Though this has been discussed and even acknowledged by the crafters of water policy in the past, little concrete action to rectify the problem has been taken by those IGOs, corporations, and NGOs that work with the water sector in the developing world. Although this mindset prevails throughout the water sector, a close examination of the history of water policy concludes that there have been gains among women over the last few decades. Further work on gender empowerment in development can build upon these past gains.
Progress of Water Policy
The early focus in the field of development was on supporting centralized, government-run public sector efforts. Water development was carried out by male engineers following blueprints laid out by advisers from wealthier nations while women were rarely consulted and, in fact, were often unable to participate in development as a career due to gender roles. On the whole, women in the developing world received even less recognition than in the case of their first-world counterparts.
The role of women as the managers of domestic water was formally recognized by the development sector in the 1970s and 1980s, as researchers came to the conclusion that women were the managers of domestic water in the developing world and thus, a vital constituency in water development. The involvement of women in water development and management was promoted for economic reasons. Female participation was expected to increase the efficiency of water projects due to their stake in the outcome. Women were trained as caretakers, educators, motivators, and hand-pump mechanics. Nevertheless, the costs, constraints and other barriers to women’s involvement in development were never seriously discussed. Though this was the first time women were acknowledged for their potential contributions to development, recognition alone does not constitute actual solutions.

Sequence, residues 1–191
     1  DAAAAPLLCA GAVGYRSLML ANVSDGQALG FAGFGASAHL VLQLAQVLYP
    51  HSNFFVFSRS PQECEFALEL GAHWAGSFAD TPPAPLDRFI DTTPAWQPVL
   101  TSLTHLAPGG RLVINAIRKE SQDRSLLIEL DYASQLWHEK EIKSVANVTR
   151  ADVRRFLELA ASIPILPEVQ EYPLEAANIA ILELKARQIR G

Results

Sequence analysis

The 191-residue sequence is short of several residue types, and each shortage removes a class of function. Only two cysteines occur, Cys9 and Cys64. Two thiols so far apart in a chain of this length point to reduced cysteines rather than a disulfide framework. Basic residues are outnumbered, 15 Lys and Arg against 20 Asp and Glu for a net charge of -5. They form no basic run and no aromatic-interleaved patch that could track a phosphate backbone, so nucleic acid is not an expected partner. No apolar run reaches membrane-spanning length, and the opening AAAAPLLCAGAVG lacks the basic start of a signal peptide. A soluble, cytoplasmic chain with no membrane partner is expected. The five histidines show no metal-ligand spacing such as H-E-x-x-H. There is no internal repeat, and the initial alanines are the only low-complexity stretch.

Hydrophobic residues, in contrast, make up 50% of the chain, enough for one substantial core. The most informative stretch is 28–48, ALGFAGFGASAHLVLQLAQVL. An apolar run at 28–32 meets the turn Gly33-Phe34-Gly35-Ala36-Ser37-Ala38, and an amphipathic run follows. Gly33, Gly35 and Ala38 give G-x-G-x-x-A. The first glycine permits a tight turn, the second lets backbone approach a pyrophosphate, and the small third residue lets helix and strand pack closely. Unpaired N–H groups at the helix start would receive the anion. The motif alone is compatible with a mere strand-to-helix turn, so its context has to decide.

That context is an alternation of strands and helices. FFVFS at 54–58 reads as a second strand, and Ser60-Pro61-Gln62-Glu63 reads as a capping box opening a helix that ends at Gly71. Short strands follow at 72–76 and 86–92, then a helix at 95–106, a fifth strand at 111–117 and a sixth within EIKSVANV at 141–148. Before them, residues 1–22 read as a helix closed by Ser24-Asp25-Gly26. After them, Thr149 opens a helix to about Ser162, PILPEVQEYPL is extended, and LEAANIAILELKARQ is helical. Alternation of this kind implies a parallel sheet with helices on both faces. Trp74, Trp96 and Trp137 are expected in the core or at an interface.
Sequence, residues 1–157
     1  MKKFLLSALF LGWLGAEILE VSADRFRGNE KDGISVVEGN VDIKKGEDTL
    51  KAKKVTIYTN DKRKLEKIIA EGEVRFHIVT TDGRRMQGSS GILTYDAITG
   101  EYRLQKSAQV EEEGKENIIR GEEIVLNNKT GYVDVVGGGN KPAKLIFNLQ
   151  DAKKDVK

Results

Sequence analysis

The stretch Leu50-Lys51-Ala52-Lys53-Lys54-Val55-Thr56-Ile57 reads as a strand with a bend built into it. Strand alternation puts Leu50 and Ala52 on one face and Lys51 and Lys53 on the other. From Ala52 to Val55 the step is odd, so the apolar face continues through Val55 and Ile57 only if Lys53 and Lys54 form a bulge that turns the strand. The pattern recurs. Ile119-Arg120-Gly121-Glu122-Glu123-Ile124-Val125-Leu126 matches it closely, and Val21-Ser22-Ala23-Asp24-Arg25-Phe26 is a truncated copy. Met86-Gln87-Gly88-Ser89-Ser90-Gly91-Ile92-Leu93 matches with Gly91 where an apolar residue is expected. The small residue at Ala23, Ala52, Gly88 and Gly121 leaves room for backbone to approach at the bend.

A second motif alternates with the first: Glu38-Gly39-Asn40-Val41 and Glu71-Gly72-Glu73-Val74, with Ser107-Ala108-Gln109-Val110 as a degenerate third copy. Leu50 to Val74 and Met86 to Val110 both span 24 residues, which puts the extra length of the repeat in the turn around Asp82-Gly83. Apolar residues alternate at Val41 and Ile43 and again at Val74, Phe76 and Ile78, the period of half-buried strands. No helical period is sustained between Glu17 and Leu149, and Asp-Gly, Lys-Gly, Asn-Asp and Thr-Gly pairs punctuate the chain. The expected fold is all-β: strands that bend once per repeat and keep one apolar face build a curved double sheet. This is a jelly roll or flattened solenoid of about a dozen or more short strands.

During the 1990s, a number of different trends in development emerged, leading to an ambiguous overall policy on water. The role of the state in public provision was rejected on the basis of having been costly and inefficient. Instead, the market was expected to provide basic services while the government merely enabled and regulated the private sector. Predictably, this led to a worldwide movement toward privatization, decentralization, and demand management. The global commitment to “water for all” made gender empowerment so crucial that in 1999, over 100 nations endorsed the Dublin principles. These basic rules affirmed water not only as an “economic good,” but also as finite and essential to life. They put priority on privatization, water pricing, and cost recovery. Both the Dublin principles and the Environmental Summit in Rio reinforced the role of women as central to the provision, management, and safeguarding of water. But again, the gap between these economic goals and the challenges of water distribution as it relates to gender inequality was not widely discussed.
Recently, the focus has been on the role of water in women’s empowerment and poverty reduction. The World Water Council hopes that almost everyone will have access to safe and adequate water and sanitation by 2025. As it stands, most policies do not reflect field evidence, which has established that women are the de facto managers of water in local communities. Most formal evaluations of water development have been superficial due to a lack of analysis on the impact of water projects and pricing policies on social relations. There is little follow-up on past water development projects, and thus it remains unclear which approaches in the past have brought about positive change for women. This lack of research and follow-up can be remedied among other ways by the increased utilization of gender approaches to water development, both by male and female development workers.
In order to address gender in development, practitioners have developed frameworks for understanding women’s roles and interests, as well as methods for analyzing hierarchies of female participation. However, by mainstreaming gender issues, gender began to be viewed as a technical problem to be overcome at the risk of oversimplification and a distortion of the issues. Most organizations and institutions working to put gender issues at the forefront of the field remained internally insensitive to gender, though it is known that a gendered approach in the water sector is cost effective and creates positive impacts in the field.